After my first year of college, I came home and spent about two weeks in bed because of migraines. Day after day after day, I had a migraine. I tried hot and cold compresses. I tried combinations of acetaminophen with Coke or ibuprofen and anti-nausea medications. I scheduled a massage. I tried eating apples and drinking teas, and nothing helped.
My family doctor prescribed my first abortive migraine medication: Imitrex. It, however, made me terribly sick to my stomach, and I vowed to never take it again.
And then slowly, the pain lifted. I was left in a tired daze when it finally passed. I felt like I had been beat up in a fight. My left eye felt swollen (but it wasn’t). I was exhausted.
This, I now know, is called the postdrome, the phase after the pain. This phase is still a challenge.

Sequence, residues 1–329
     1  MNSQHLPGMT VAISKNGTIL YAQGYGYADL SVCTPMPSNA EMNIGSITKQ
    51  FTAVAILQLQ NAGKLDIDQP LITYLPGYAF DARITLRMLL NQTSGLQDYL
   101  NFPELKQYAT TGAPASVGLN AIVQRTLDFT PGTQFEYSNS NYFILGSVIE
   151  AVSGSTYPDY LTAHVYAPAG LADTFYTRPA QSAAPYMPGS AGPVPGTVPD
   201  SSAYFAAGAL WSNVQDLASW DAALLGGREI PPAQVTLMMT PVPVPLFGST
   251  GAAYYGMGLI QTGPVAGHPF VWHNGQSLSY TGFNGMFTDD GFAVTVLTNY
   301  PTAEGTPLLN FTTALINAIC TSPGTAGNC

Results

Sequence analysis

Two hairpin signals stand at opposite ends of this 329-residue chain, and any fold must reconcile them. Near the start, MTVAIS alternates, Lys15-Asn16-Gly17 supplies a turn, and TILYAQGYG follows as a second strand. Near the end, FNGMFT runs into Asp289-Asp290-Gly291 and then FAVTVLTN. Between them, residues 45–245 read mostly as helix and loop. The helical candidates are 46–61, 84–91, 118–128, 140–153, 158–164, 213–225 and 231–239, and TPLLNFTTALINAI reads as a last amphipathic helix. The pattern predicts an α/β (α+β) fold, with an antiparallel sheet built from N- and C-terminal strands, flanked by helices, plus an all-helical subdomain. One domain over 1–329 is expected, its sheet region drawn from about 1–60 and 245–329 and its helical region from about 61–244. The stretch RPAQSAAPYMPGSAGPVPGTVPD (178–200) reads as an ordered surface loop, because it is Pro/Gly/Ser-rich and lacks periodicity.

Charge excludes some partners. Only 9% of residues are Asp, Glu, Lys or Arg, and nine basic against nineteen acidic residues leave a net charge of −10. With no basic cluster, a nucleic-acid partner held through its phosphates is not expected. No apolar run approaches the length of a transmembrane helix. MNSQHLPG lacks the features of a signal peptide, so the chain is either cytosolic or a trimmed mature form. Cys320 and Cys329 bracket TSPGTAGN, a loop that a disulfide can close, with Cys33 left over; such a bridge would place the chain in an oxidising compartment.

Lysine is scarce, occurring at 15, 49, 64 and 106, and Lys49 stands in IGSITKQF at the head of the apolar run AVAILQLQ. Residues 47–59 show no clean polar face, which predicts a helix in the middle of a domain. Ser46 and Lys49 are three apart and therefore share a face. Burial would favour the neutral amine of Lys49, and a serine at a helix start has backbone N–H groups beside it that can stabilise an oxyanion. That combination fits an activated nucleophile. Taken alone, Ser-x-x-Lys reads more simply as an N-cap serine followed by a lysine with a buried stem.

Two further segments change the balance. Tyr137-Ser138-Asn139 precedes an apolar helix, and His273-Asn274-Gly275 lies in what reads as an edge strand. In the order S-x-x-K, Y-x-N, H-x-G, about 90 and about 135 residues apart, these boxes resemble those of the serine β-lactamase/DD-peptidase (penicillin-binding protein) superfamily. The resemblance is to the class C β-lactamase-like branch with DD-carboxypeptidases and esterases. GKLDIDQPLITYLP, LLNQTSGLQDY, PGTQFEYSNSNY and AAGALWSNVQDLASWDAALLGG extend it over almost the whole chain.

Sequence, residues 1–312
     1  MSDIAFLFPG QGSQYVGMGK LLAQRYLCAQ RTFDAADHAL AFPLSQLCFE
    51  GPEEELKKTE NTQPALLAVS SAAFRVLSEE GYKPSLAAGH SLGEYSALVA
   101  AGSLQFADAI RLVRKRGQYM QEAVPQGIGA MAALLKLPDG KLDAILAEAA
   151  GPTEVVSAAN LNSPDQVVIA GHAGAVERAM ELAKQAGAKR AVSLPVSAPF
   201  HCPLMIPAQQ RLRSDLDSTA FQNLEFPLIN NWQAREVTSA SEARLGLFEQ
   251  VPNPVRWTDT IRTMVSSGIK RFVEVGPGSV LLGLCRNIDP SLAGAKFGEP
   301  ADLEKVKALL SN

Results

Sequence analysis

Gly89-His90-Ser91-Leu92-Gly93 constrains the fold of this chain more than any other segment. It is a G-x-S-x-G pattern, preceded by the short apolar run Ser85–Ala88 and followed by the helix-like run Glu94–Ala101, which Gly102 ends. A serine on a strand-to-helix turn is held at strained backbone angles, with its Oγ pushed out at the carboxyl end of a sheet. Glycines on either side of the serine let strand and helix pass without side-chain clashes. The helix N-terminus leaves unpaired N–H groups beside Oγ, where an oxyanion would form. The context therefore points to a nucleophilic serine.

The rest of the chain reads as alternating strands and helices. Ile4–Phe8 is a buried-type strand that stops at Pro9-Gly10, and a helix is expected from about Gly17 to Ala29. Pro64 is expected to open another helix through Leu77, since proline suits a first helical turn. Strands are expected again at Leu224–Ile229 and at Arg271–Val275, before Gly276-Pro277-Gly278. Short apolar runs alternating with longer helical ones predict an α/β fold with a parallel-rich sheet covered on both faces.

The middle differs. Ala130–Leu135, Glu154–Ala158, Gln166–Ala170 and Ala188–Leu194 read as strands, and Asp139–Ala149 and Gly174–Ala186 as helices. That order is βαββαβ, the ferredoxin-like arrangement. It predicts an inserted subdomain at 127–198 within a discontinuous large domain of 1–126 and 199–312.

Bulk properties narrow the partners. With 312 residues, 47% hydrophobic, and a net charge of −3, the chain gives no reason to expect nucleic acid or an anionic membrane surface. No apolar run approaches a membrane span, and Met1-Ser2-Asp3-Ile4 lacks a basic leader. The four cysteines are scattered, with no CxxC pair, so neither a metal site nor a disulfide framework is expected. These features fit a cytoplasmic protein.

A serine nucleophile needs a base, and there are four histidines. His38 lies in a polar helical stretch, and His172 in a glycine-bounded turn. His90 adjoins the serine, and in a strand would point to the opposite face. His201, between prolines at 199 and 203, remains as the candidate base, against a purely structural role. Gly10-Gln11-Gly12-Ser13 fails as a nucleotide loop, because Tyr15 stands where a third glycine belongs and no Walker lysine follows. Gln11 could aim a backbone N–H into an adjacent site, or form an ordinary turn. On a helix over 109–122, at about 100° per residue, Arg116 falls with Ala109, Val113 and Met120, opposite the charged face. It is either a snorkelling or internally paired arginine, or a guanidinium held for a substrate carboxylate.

If I am leveled with a migraine, I usually don’t bounce back the next day, and for a runner, that’s hard. I want to be able to make up the lost day, and most of the time, my head and body are still ginger from an attack.
So I take another day.
The hardest thing about being a runner with migraines is learning to accept that I have to work a little harder and at the same time a little easier. I have to work harder by making sure I have hydrated right, eaten enough, stretched my neck muscles, etc. But I also have to take it a little easier in that I have to make sure I pull back when I start to hurt and take a day when I’m still achy.
I’ve learned the hard way. I’ve tried to hit the pavement when I was still in postdrome, and it hurt. Maybe I got in the 2 or 3 miles, but I ended up feeling worse.
In being a migraine runner, I’ve learned better ways to become in tune with my body and especially, my ginger head. I’m hoping through this blog we can share ways we’ve learned not just to cope with migraines, but to learn how to better listen to our bodies so we can set out for a run in our best shape.